Tuesday, December 29, 2020

Creating the Spitting Image Characters

Jethro Crabb is a sculptor who has made realistic heads for Madame Tussauds. Here's his Instagram top nine. 

He also has sculpted caricature heads for the British TV puppet series Spitting Image

I was curious what went into the design and operation of those caricature puppets, so I asked Jethro about the process.

Jethro says: "The process of making a puppet started with a set of caricature drawings. These drawings essentially designed the look of the caricature. I mainly worked from drawings by Adrian Teal." 
Drawing of Prince Charles and the Coronavirus by Adrian Teal

"He has an amazing ability to visualise caricatures from multiple points of view and make them seem convincing. It was an absolute dream to work from these drawings. There was plenty of leeway to interpret these designs in 3D and I felt that I was walking the line between staying faithful to the style of the original puppets and the design whilst adding my own sculpting style." 

Royal pair sculpted by Jethro Crabb for Spitting Image

"I admire simplicity in sculpture and am particularly drawn to the brutally simple abstracted forms of some traditional African wood carving. My caricature sculpture is influenced by this look. I try to make the large forms very simple and rely on large flat planes and simple shapes interacting together in a dynamic and interesting way. I have always admired the raw energy in the Spitting Image puppets, they do have a brutal, carved quality. They are not over detailed or polished. We only had about 4 days to sculpt each head so this helped with keeping them fresh and not overworked. It was also challenging at times, because if something started to go wrong with the sculpt there wasn’t much time to change it. Personally, I really enjoy working in this quick way as it is a change of pace from my portrait sculpture - a bit more exciting and dynamic."

Any special challenges in interpreting Elon Musk, Jeff Bezos, Prince Charles, or any of the others you've done?

"Interestingly, I found some of the most obviously caricaturable faces more difficult to do. I wrestled a lot with the Prince Charles sculpt. It just wasn’t working for me. Only near the end did I realise that his ears needed to be placed higher up on his head. So I cut off the clay ears and stuck them back on higher up. Suddenly, there he was- the future king!" 

"When sculpting Elon Musk I had in mind the Tesla truck design. Again, I really like the simplicity of it and wanted Musk’s head to reflect this severe angular design. I was really pleased with how it came out.

Jeff Bezos head sculpted by Jethro Crabb for Spitting Image, 
designed by Adrian Teal, coloured by Grace Cominsky 

I've heard caricaturists say that the bizarre personages in politics these days actually make the job of the caricaturist and impressionist harder because the real figures already are so exaggerated. Do you agree?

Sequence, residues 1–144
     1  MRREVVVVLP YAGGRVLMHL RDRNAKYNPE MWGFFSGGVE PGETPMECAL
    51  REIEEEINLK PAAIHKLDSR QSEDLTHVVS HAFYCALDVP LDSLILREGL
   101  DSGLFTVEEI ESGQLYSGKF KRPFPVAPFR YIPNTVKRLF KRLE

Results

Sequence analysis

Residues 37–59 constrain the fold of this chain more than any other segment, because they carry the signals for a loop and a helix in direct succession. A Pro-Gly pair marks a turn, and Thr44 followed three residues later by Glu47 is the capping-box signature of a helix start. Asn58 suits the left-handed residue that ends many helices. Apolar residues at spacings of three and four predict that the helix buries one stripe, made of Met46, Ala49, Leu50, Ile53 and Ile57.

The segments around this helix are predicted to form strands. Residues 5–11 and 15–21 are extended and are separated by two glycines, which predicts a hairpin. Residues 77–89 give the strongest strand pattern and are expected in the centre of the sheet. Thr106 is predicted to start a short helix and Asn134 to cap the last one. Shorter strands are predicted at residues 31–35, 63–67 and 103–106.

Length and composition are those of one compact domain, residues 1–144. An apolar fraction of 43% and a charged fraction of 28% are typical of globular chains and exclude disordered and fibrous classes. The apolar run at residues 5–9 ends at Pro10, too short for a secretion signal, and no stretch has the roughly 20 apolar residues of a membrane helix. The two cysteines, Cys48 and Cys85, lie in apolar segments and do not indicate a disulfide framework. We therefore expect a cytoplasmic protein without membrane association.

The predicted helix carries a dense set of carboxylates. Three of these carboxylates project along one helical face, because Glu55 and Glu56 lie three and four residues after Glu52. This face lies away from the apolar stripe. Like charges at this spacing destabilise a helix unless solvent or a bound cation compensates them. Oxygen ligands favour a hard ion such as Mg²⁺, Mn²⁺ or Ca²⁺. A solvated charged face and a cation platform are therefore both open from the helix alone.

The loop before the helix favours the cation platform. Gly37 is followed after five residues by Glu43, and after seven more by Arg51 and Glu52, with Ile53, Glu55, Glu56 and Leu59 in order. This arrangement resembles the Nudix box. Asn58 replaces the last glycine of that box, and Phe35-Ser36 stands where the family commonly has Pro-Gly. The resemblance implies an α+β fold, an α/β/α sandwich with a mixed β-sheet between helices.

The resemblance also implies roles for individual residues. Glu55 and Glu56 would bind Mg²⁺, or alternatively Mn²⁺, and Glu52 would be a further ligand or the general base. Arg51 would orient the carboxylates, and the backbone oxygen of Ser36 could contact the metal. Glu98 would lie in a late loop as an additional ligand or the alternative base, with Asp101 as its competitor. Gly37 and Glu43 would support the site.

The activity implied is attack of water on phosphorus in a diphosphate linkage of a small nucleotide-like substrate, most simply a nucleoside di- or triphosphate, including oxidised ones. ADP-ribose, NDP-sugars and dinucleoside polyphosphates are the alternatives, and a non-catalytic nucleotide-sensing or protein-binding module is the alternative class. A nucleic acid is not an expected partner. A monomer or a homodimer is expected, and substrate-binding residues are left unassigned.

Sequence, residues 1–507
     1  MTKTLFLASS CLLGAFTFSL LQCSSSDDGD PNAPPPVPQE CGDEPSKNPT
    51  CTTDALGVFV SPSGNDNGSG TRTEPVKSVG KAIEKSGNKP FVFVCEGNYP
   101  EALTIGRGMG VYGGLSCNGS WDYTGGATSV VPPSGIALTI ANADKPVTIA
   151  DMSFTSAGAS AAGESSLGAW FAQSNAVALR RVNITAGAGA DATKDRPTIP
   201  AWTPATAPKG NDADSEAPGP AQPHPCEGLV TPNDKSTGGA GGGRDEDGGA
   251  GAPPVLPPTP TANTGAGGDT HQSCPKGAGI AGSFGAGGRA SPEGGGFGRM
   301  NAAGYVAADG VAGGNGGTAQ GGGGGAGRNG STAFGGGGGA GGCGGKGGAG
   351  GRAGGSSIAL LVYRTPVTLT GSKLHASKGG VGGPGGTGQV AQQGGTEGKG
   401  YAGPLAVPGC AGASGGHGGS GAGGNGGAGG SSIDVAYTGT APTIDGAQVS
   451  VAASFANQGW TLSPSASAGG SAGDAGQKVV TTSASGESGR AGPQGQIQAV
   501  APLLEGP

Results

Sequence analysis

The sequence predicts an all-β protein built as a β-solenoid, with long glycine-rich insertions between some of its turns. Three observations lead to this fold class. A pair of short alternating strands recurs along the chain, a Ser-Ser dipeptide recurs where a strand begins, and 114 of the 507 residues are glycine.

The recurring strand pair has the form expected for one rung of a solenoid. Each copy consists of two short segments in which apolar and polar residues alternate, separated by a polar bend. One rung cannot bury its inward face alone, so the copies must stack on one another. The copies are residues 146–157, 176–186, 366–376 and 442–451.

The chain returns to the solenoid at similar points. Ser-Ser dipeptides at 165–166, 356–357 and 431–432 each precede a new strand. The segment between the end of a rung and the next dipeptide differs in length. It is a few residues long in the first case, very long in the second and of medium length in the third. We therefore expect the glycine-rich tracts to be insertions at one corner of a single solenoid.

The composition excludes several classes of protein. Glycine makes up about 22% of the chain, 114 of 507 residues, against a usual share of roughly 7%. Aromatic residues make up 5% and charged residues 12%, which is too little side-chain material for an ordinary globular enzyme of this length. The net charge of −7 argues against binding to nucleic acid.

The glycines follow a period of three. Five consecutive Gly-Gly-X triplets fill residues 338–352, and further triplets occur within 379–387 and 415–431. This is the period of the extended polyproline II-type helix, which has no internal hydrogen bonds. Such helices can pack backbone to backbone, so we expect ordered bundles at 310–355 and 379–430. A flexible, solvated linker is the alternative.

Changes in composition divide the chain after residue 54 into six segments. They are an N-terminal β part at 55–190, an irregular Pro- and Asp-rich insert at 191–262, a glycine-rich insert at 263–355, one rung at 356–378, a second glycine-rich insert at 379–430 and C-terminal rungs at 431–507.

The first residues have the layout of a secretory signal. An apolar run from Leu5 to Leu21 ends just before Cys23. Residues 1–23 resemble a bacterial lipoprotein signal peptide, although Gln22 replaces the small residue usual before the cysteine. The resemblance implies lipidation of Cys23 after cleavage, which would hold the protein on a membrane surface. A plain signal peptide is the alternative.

"I think with the larger-than-life personalities in politics and the public eye at the moment it can be harder for writers and impressionists to satirize them. I think for the caricaturist it doesn’t necessarily represent a greater challenge. We are just looking at the physical form of people and exaggerating or subverting existing characteristics. When sculpting a caricature or portrait of a famous person, I stop thinking of their personality quite quickly and instead enjoy getting lost in the experience of them as a collection of forms and shapes." 

Olly Taylor who worked on Spitting Image as a puppeteer shared some insights about the puppeteering technique. I wondered how are the hands are coordinated with the shoulders and head. The hands are able to coordinate interactive hand actions pretty effectively, which wasn't so possible for the Muppet way of doing things, where different performers worked the right and left hands. How were they performed?

Olly says: "There will be a lead performer on each character who will have their dominant hand in the head and then their other hand in the puppet’s hand. A second performer will perform the other hand. Sometimes the second puppeteer will perform both hands dependent on the action." 

Eye mechanism and latex skin of Spitting Image puppet, 

Many of the puppets can do eye blinks and / or eye turns. How is that accomplished? Do you have photos of the armature and mechanics inside? Is there radio control involved?

"With respect to the eyes the same mechanism from the 80s series was used again. A cable mechanism to move the eyes and a squeeze bulb to blink them. Often there would be a third puppeteer on the eye mechanism. However in busier scenes, [with] several characters, the second puppeteer who is performing a hand would use the eyes mechanisms in their spare hand. 

As you can see it’s a very collaborative way of performing. It’s requires great skill for those following the lead puppeteer on any character to make the performance of all the parts coherent and reflective of the character performance itself.”

How many major puppet characters are there? What considerations go into choosing which celebrities and politicians get built?

"I think there were around 100 puppets made for the new series. I don’t know how these characters were decided on."
Follow Spitting Image on Instagram


Ashutosh said...

hey sir,
thank you for constantly providing us these beautiful works for years and years.
I really appreciate your work .

Vladimir Venkov said...

Thank you James! Jethro is very good of not only copying the features but somehow injecting live in into his scultures.
Btw Jethro Crabb's link at the beginning of the article doesn't work.